This hasn’t stopped the Burmese from using bulldozers to slowly level out roads and even sneak construction crews in to lay down asphalt in the guise of spurring the economy. The Karen National Liberation Army (KNLA) leadership knows without a doubt that the intent behind these roads are to strengthen Burmese logistics chains and roll in main battle tanks. This has forced KNLA forces to either disable these bulldozers with mines and IEDs, or try to shoot the drivers with precision rifle fire. This is the current state of affairs between the Burmese and the Karen, until all-out war flares up again, or there can be further peace negotiations.

Karen Small Arms

Karen armories are extraordinary examples of small arms well past their time, but still seeing active service. Predominately armed with surplus M16A1s from U.S. involvement in Cambodia, Laos, and Vietnam several decades previous, the Karen haven’t taken too much of a liking to Kalashnikov-patterned rifles due to the scarcity of ammunition in the region and the complexity of supply. Glances at the receivers of these M16A1s are jaw-dropping experiences for those familiar with the early history of the Stoner design. XM16E1s, Hydra-Matic Corps, and Harrington & Richardson roll stamps are all present among some Norinco M16 variants that have found their way into Karen State. Ultimax Mark IIIs, holdovers from Singaporean sales to Thailand in the late 1980s and 1990s, are still in use as light support weapons in KNLA platoons.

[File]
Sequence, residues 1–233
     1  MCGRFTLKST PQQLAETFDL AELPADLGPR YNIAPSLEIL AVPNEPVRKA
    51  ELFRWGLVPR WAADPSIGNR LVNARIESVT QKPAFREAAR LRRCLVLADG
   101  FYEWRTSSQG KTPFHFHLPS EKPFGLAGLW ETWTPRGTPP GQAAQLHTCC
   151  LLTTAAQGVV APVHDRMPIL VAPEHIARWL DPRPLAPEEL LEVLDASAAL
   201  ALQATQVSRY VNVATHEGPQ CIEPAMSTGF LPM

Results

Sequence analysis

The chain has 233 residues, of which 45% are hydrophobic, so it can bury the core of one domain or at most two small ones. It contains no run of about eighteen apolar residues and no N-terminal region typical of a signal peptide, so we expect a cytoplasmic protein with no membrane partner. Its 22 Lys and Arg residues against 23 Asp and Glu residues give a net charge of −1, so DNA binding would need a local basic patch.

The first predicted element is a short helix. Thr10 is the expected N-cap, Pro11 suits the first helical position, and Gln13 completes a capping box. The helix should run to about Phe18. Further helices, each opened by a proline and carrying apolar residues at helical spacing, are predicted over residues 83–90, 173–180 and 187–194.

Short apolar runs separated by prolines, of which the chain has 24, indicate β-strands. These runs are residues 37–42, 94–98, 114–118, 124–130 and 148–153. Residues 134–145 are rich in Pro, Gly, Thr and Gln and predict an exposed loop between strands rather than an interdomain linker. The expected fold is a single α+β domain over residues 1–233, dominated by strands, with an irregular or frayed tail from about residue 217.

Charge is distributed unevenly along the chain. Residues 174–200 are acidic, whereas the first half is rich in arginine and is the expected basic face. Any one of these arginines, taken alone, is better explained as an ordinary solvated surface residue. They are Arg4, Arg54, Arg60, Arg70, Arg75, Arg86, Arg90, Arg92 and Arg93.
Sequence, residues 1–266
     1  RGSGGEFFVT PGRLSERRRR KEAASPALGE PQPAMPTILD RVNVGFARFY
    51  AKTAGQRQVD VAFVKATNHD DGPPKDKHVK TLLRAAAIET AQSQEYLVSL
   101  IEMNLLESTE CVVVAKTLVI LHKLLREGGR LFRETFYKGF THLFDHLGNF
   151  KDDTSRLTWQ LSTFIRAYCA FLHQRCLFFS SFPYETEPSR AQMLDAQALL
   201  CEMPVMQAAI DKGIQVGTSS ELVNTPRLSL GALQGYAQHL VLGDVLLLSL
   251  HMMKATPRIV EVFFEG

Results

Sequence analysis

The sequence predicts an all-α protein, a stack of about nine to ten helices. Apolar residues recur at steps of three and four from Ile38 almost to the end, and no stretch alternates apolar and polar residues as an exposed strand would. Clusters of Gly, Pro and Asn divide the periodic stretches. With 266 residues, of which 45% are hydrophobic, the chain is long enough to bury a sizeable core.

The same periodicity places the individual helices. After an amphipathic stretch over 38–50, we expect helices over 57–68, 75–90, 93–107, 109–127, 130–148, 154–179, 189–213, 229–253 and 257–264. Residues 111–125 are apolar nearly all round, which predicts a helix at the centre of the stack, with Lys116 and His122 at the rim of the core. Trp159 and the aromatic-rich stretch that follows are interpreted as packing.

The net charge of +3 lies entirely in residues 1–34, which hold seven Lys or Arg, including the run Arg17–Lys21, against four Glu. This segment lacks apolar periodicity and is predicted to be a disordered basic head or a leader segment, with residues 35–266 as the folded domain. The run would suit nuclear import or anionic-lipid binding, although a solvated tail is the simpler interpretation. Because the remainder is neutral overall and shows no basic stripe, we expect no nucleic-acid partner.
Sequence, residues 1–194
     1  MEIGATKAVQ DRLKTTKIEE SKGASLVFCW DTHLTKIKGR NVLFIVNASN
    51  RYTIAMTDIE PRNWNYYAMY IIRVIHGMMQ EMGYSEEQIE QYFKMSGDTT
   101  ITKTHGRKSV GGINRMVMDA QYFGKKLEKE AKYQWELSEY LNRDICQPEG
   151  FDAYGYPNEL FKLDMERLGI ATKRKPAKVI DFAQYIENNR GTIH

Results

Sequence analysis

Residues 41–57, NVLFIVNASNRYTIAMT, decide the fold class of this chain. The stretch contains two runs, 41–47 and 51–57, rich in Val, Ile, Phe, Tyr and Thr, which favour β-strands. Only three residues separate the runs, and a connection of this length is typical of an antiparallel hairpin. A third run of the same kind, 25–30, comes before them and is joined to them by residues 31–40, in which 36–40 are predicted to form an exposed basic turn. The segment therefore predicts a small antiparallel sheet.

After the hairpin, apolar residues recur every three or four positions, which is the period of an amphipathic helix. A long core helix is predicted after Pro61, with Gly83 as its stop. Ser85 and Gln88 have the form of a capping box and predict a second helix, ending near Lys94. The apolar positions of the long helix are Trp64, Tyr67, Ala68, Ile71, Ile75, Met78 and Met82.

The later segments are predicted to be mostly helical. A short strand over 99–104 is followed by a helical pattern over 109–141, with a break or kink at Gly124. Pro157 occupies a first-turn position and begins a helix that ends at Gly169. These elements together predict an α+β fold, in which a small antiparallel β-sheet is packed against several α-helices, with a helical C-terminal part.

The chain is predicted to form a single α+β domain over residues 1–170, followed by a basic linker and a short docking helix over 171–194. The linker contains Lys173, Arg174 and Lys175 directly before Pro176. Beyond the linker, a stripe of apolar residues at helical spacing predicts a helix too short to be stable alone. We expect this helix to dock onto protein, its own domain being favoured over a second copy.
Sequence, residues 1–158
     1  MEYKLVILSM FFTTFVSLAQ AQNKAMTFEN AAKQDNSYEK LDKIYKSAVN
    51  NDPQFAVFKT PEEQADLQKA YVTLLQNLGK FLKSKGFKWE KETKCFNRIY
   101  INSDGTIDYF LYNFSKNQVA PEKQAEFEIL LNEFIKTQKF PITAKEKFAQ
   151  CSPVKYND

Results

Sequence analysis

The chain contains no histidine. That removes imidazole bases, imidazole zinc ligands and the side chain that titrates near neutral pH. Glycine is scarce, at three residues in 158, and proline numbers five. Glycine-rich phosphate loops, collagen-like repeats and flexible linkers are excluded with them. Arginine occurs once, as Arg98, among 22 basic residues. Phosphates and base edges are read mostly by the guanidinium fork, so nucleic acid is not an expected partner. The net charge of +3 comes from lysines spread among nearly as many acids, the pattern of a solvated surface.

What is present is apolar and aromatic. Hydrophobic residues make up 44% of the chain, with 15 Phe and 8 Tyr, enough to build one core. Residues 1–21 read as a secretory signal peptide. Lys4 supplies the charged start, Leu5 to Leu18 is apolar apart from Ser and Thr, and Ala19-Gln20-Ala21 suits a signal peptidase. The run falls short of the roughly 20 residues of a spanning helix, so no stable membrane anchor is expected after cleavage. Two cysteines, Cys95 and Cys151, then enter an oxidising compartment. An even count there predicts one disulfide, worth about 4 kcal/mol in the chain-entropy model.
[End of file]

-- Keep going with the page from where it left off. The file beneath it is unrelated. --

A Chinese RPG-2 with what’s claimed to be a United Wa State Army-produced grenade in use by the KNLA. The anti-personnel rocket has fins that fold around the tube of the grenade while it’s inserted in the muzzle of the launcher.

However, acquiring ammunition is a constant issue for many of the rebel armies along the border (unless they produce their own use, as is the case with the Wa and Kachin). On the black market, 5.56x45mm ammunition is around 30 Thai Baht per round (roughly one U.S. dollar), while 7.62x39mm ammunition runs twice that. Before M16s and AKMs, the Karen were and still are extremely fond of surplus U.S. M1 Carbines (affectionately called “Carbine” among the Karen). Unfortunately, the ammunition supply for KNLA Carbines was reduced when the U.S. stopped selling surplus .30-carbine ammunition to the Tatmadaw, and the Karen couldn’t rely on captured stocks. This severe lack of ammunition has led the KNLA to be conservative when engaging the Burmese in ambushes. One such tactic is to set off an ambush with a claymore, fire three accurate rounds at a Burmese patrol, then vanish into the jungle. Any more ammunition or ordnance expended than that and KNLA fighters could receive a scolding from their leadership due to ammunition costs.